Three babies infected with measles in The Netherlands, two were too young to be vaccinated, another should have been vaccinated but wasn't.
Three children at a crèche in The Hague have come down with measles and a fourth child may have the disease, public broadcaster NOS reports.
The children involved had not been vaccinated and one of them may have caught the disease when on holiday, the broadcaster said. One of the children is over the age of 14 months, when it should have been vaccinated against the disease, but the others are younger.
Community health service GGD Haaglanden has not revealed which crèche is involved but said the disease may spread and that it is looking into vaccinating children who are currently unprotected, including babies.
The children in The Hague bring the total measles cases in the Netherlands to 12 so far this year, compared with an average annual infection rate of 10 to 20. The disease is particularly dangerous for pregnant women and very small children.
The RIVM public health institute said that at the moment no link can be made between The Hague cases and the drop in the number of children being vaccinated in the Netherlands.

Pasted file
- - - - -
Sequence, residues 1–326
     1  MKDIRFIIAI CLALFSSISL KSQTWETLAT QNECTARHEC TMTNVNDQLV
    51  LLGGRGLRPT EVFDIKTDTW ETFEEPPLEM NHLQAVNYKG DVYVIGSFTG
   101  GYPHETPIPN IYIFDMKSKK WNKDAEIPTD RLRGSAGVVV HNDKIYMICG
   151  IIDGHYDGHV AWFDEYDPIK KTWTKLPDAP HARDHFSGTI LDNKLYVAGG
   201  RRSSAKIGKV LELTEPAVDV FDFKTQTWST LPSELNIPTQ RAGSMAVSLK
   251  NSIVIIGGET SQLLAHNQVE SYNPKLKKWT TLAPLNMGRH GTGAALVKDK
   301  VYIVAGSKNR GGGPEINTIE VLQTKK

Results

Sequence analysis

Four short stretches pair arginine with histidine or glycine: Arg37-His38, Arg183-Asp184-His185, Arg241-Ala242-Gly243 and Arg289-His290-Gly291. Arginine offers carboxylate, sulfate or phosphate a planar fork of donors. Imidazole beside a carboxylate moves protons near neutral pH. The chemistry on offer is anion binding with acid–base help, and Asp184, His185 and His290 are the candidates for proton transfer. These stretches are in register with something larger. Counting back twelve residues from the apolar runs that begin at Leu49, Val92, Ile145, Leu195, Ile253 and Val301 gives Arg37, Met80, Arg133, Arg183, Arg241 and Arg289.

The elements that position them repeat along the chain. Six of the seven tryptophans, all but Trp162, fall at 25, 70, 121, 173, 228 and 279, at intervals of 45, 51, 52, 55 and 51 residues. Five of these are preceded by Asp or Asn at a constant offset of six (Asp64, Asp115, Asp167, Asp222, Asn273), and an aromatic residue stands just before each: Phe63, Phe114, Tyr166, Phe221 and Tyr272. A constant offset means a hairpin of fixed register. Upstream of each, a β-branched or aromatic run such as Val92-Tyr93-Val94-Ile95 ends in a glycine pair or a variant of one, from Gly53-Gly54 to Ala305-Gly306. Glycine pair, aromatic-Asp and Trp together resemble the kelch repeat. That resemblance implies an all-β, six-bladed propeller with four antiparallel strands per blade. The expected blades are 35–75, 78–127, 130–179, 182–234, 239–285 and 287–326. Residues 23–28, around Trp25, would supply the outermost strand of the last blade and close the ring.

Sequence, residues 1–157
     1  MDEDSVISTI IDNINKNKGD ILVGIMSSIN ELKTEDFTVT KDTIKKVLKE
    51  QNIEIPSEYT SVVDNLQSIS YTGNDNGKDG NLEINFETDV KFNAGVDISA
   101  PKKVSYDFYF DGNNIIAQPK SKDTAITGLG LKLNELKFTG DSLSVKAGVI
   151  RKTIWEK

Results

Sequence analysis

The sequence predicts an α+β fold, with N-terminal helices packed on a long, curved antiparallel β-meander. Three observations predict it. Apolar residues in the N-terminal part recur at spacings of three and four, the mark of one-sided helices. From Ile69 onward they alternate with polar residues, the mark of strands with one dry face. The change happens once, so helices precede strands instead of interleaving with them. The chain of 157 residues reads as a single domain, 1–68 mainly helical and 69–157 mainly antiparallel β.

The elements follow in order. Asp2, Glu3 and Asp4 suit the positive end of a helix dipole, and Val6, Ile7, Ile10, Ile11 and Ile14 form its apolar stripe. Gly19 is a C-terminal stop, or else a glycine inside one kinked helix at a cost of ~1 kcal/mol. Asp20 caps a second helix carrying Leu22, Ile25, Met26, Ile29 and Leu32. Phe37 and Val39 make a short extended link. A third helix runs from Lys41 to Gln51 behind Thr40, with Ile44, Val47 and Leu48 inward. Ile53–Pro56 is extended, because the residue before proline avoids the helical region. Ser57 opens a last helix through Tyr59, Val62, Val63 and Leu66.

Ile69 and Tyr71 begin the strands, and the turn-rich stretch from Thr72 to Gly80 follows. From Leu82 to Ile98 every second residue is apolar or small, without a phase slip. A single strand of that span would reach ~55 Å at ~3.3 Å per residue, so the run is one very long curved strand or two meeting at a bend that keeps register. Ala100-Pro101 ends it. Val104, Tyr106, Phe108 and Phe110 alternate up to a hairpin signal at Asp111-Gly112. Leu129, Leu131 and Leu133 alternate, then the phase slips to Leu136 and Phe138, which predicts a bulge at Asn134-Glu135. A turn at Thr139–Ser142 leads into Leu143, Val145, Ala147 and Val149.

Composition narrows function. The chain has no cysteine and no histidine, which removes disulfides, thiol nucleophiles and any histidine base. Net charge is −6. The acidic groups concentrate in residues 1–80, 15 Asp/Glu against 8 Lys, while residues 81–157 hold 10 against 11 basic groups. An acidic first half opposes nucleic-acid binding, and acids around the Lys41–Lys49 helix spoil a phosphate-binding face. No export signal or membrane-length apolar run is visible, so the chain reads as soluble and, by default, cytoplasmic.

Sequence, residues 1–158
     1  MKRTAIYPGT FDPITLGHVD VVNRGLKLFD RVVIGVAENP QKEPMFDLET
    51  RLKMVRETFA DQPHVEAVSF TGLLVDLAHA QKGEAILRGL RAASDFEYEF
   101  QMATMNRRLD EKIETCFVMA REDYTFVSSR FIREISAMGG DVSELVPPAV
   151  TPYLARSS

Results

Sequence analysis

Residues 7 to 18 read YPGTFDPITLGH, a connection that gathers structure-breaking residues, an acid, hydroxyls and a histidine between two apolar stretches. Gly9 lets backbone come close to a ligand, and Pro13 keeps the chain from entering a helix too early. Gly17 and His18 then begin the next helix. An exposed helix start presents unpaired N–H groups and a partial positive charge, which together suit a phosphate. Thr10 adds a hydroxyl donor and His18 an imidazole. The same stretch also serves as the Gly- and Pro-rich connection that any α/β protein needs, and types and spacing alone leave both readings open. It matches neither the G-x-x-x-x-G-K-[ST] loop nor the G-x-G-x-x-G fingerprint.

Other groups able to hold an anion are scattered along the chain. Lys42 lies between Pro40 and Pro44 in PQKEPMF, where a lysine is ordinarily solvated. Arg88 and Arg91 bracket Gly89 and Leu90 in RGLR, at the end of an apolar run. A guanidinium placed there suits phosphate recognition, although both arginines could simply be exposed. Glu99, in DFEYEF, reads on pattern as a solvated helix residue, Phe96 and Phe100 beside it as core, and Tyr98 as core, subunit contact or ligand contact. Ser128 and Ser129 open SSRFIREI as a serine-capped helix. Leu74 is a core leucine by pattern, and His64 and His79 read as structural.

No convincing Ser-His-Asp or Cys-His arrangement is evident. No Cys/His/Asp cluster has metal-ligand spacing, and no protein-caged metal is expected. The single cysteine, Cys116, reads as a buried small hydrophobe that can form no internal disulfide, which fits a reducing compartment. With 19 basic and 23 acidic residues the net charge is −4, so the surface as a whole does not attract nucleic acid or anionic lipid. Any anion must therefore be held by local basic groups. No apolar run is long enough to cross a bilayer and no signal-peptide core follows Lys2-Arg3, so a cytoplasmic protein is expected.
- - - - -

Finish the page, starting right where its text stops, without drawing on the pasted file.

At the moment 90.2% of Dutch children are vaccinated against potentially serious illnesses such as measles, polio and whooping cough. This is below the level of 95% the World Health Organisation considers safe.
Vaccine uptake has been declining, prompting a government information campaignwhile daycare centres have been demanding the right to refuse children who have not been vaccinated. At the moment this is not yet legally possible.
The last measles epidemic in the Netherlands hit the Dutch Bible belt in 2013. In total, 2,600 people were diagnosed with measles and the outbreak was concentrated in families with young children who had not been vaccinated for religious reasons. One girl, who had not been vaccinated, died.